Parliamentary sovereignty

One of the keystones of the British Constitution is the sovereignty of Parliament. Under this doctrine, all power is vested in the Queen in Parliament - the monarch, the House of Lords and the House of Commons acting together.

The only role of the elector is to vote for the members of the House of Commons; if he is dissatisfied with the measures passed by parliament he can vote against his MP at the next election.

Some regard the power of Parliament as excessive and look to the Referendum as a way of giving ordinary people the power to decide what policies are introduced.

With the Referendum, citizens are invited to vote on a particular measure. Thus, in June 1975, a referendum was held to decide whether Britain should stay in the European Economic Community (now the European Union) which she had joined in 1973.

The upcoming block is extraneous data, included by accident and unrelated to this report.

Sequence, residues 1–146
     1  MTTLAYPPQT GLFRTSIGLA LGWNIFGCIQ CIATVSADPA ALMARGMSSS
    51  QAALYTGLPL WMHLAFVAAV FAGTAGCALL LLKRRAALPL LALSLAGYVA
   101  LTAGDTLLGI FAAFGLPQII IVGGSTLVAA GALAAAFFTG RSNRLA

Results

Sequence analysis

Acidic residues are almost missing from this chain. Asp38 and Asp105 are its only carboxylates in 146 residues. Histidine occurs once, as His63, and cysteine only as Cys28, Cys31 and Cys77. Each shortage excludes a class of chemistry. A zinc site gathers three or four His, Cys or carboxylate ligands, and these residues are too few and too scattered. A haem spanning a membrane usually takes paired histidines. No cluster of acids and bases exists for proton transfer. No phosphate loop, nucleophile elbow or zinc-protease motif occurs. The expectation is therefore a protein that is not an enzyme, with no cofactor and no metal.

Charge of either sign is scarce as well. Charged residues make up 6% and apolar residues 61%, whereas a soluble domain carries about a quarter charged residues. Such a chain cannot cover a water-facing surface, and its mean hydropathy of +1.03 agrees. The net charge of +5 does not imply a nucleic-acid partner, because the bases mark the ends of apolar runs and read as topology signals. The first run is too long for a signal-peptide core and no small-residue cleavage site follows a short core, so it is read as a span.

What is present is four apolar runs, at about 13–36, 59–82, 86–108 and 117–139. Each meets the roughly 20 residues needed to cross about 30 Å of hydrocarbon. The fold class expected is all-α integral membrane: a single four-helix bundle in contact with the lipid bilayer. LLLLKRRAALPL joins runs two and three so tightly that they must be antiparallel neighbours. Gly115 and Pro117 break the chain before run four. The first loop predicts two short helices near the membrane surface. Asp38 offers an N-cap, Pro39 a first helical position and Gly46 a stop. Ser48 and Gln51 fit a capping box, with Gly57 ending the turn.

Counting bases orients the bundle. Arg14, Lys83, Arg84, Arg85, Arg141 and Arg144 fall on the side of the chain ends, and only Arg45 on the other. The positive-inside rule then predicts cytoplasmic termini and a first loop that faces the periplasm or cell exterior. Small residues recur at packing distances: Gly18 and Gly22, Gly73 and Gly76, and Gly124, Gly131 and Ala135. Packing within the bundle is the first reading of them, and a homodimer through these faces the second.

A big majority voted in favour of staying in. In 1979, referendums in Scoland and Wales were held on proposals for devolution in those countries.

More recently, in 1998, referendums on devolution were held again in Scotland and Wales.

This time the proposals were endorsed by the electors, albeit narrowly in Wales. Likewise, the present government has pledged that if it decides to recommend that Britain should adopt the euro as its currency, the electorate will be given the last word at a referendum.

What is striking, however, is how little the referendum is used in Britain. Indeed, apart from local polls to decide whether a town has an elective Mayor, all the questions put to the people in recent years have involved major constitutional issues.

One school of thought believes that such an approach is right; others argue that the referendum should be used more widely, on a broader range of proposals.

Prof Hugh Berrington 2004
School of Geography, Politics and Sociology
University of Newcastle upon Tyne